Public Trust in Organized Religion off in the '90S
Whitham, Larry, The Washington Times (Washington, DC)
In a sign of the times, Americans may be concerned more with the safety of their streets than the care of their souls.
The most recent Gallup polling on public trust shows that organized religion has slid behind the police and the military in public confidence.
The differences are so slight, according to pollsters, that it may be wrong to see a trend. Yet it's enough to merit speculation.
Up through the late 1980s, organized faith had always been given the highest ranking of trust, and only this year dropped to third place.
While gaining either "great" or "a lot" of trust from 57 percent of Americans is no mean feat for religion, it comes in behind the military, which enjoys a 64 percent rating, and the police, with 58 percent.
"One story is the greater concern with issues of safety on the domestic scene and internationally," said Donald Luidens, a sociologist of religion at Hope College in Michigan. "The other story is skepticism toward organized religion."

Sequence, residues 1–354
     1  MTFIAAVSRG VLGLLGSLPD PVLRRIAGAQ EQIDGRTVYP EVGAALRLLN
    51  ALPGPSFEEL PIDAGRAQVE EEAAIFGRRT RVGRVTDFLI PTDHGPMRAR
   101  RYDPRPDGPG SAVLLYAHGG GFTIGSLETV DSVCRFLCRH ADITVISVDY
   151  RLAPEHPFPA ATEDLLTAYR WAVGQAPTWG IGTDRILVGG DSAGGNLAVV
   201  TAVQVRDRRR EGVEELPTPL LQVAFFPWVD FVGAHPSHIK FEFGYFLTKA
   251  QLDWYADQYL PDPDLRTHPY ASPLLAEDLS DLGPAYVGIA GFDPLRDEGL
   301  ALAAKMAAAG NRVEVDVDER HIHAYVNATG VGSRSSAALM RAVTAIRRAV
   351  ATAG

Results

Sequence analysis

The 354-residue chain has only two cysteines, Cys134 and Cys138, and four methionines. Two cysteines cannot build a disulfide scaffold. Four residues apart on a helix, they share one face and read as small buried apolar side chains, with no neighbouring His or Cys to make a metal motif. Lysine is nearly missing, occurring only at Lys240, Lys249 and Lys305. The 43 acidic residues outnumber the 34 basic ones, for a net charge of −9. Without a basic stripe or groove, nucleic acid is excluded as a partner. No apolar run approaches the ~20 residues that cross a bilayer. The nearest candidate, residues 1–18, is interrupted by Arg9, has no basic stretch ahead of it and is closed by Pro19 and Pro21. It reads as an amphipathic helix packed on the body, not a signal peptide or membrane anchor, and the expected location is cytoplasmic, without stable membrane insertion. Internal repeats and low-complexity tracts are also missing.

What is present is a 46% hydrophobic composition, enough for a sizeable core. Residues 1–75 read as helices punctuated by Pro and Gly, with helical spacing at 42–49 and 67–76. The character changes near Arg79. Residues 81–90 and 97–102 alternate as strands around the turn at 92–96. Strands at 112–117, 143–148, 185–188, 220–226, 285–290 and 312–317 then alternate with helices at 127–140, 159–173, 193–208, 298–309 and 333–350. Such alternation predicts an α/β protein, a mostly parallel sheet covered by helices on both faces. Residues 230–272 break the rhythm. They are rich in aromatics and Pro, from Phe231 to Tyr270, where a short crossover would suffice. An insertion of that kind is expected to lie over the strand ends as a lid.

Amid the slide, however, individual clergy still rank high in confidence among many professions. First come pharmacists, and then men of the cloth. They are followed by doctors, dentists, engineers and college professors.
It should be noted, meanwhile, that clergy are trusted more than twice as much as journalists - who, in turn, are twice as trusted as lawmakers.
Most public confidence, it seems, gives science the edge. Public trust looks to professionals who measure and manage medicine, test physical bodies and combine weapons and discipline to protect the public from harm.
"You depend on your doctor or your pharmacist, or you're dead," said Robert Bezilla, who analyzes Gallup polls for Emerging Trends, newsletter of the Princeton Religion Research Center.
Only the clergy, among the "soft" professions, attain the highest realms of trust alongside the material experts.
In modern times, the hard scientists have gained pride of place, said Mr. …